Technical comment

When federal science is muffling harm reduction by vaping

Publication Date: 03.07.2016
Swiss Med Wkly. 2016;146:w14331

Philippe Poirson

Please find the affiliations for this article in the PDF.

The Swiss Medical Weekly paper by Gmel et al. “E-cigarette use in young Swiss men: is vaping an effective way of reducing or quitting smoking?” [1] contains errors and methodological bias. Meaningful data and context are hidden. The conclusion that there is no beneficial effect of vaping for smoking cessation or reduction is abusive.

Data used in the paper about vaping was collected only in the second questionnaire (the follow-up) of the C-SURF survey in 2013. No question about vaping was asked in the first part of the investigation. This study is not longitudinal on the subject of vaping, and cannot claim to measure respondents’ behavioural evolution on this issue [2]. At best this could be a cross-sectional study about vaping among young men in Switzerland in 2013, if it was about vapers [3].

The paper defines a vaper as someone who had used at least once an e-cigarette in the year before completing the questionnaire. Authors hid the frequency of use data, although it was collected in the questionnaire. This bias creates confusion between daily vapers and experimenters [4]. In contrast, a longitudinal study by Biener [5] shows that people vaping daily for at least 1 month are more likely to quit. Hitchman [6] found differences in quitting depending on the type and frequency of vaping used, in favour of daily use of “tank” devices (vs “cigalikes”).

The C-SURF survey data on vaping was published in August 2013 in the Journal of Epidemiology Community Health [7]. Daily vapers and people who just tried vaping are differentiated. Of 5081 participants, 249 (4.9%) had used an e-cigarette during the year. Of these, 30 young men were vaping daily, including 27 smokers and 3 ex-smokers. Why did these data disappear? “Unfortunately, despite the large sample size, prevalence rates in the present study were too small to distinguish between intensive and intermittent EC use”, is the justification in the SMW publication. The hidden fact is that 88% of the panel were smokers who were not regular vapers. So, for the vast majority, it seems right to say that keeping the smoking habit while vaping episodically is not beneficial for smoking cessation.

No question was asked in the C-SURF survey as to whether vaping liquids with or without nicotine was used by respondents. Nicotine is an aspect of the smoking addiction that the authors seem to know since they quote Fagerström’s test, even if it is his old 1991 version. Prof. Fagerström revised his test in 2012 [8]. The lack of information about the kind of vaping liquid used distorts understanding of the results. Even more confusing, there is no word in the study about the prohibition to sell vaping liquids with nicotine in Switzerland. The very special Swiss situation is simply ignored by the authors. We analysed, on the basis of Swiss [9] and English statistics [10], the deficit of tobacco quits generated by the federal policy [11]. The ratio between trial and adoption of vaping is six times lower in Switzerland than in England. Whereas 1 in 3 English smokers adopt vaping after trying it, only 1 in 20 Swiss smokers do. Of the million Swiss smokers who had tried vaping until 2014, there could have been 100'000 more quitters if they had easy local access for nicotine-containing liquids.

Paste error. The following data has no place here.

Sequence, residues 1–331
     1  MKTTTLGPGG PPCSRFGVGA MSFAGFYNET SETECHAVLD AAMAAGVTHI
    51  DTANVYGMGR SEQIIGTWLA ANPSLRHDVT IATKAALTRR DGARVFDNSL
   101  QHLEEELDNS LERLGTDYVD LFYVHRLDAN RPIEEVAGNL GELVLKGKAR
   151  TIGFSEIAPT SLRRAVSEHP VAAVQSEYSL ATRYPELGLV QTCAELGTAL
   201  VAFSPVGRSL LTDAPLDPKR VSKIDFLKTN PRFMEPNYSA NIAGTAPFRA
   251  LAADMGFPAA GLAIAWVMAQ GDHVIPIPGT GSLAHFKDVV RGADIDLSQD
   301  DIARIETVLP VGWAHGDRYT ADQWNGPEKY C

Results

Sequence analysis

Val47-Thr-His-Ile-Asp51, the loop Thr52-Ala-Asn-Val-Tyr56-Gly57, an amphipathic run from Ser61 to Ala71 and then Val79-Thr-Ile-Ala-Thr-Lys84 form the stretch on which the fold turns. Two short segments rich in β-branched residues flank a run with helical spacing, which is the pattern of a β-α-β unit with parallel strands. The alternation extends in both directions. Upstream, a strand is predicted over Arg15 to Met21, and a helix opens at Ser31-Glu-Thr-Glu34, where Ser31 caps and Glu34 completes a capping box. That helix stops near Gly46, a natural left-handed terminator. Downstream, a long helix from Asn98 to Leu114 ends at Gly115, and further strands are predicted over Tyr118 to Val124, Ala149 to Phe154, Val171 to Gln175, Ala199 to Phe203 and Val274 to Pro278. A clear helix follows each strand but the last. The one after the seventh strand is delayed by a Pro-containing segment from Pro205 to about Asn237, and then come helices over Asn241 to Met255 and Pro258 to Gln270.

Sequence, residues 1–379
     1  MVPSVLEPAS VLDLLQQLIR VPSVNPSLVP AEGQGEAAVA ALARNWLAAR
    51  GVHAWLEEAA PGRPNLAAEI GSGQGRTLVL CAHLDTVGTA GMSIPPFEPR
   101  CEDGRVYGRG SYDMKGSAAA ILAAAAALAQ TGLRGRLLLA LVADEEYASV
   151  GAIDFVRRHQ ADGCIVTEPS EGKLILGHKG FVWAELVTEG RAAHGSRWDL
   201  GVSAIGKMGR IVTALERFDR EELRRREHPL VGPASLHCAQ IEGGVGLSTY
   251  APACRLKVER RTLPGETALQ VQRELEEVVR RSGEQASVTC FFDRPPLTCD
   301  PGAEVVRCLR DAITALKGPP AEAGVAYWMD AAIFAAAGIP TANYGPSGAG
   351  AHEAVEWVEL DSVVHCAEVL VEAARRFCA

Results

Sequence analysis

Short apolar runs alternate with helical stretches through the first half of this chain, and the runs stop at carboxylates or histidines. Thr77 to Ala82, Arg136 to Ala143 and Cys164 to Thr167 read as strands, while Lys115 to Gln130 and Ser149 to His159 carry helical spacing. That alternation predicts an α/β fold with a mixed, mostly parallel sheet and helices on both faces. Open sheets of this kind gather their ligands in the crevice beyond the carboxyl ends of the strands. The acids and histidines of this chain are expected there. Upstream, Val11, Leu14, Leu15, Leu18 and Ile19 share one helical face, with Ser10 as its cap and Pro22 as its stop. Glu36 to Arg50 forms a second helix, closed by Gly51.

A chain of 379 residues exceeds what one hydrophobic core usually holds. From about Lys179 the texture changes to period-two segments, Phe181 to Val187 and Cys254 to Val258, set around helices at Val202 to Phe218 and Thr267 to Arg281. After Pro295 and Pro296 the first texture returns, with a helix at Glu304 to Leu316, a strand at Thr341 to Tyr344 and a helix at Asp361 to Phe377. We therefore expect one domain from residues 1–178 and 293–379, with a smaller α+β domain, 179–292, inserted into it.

Epidemiological predictors such as the number of smokers among relatives, the attitude to smoking, social pressures, legal stigmas against vapers in Switzerland, health status, socio-professional status or concomitant use of other psychoactive substances, are not considered in the paper. Another bias is partly raised. The authors note that the panel consisted “only of men”. But no adjustment is made in the analysis. Not only women but older people and foreigners are also ignored. This massive selection bias should have led the authors to refrain from the universal claim they highlighted.

The evacuation of all health benefits of cigarette consumption reduction with vaping is based on only one reference. This reference is not about reducing smoking by vaping, but on the compensatory effect of smoking reduced-nicotine cigarettes [12]. There is no reason a priori to extend this to vapers continuing to smoke (dual-users). On the contrary, empirical evidence suggests that vaping with nicotine inhibits the craving for tobacco [13]. A Cochrane meta-analysis [14] showed that vaping with nicotine significantly increased reducing (RR = 1.31) and quitting (RR = 2.29) smoking rather than vaping without nicotine. This is consistent with evidence that nicotine substitutes reduce intake of tobacco smoke [15]. Reducing cigarette consumption alone is illusory for health benefits. But reducing smoke exposure with nicotine substitutes, like vaping, provides harm- and damage-reduction [16].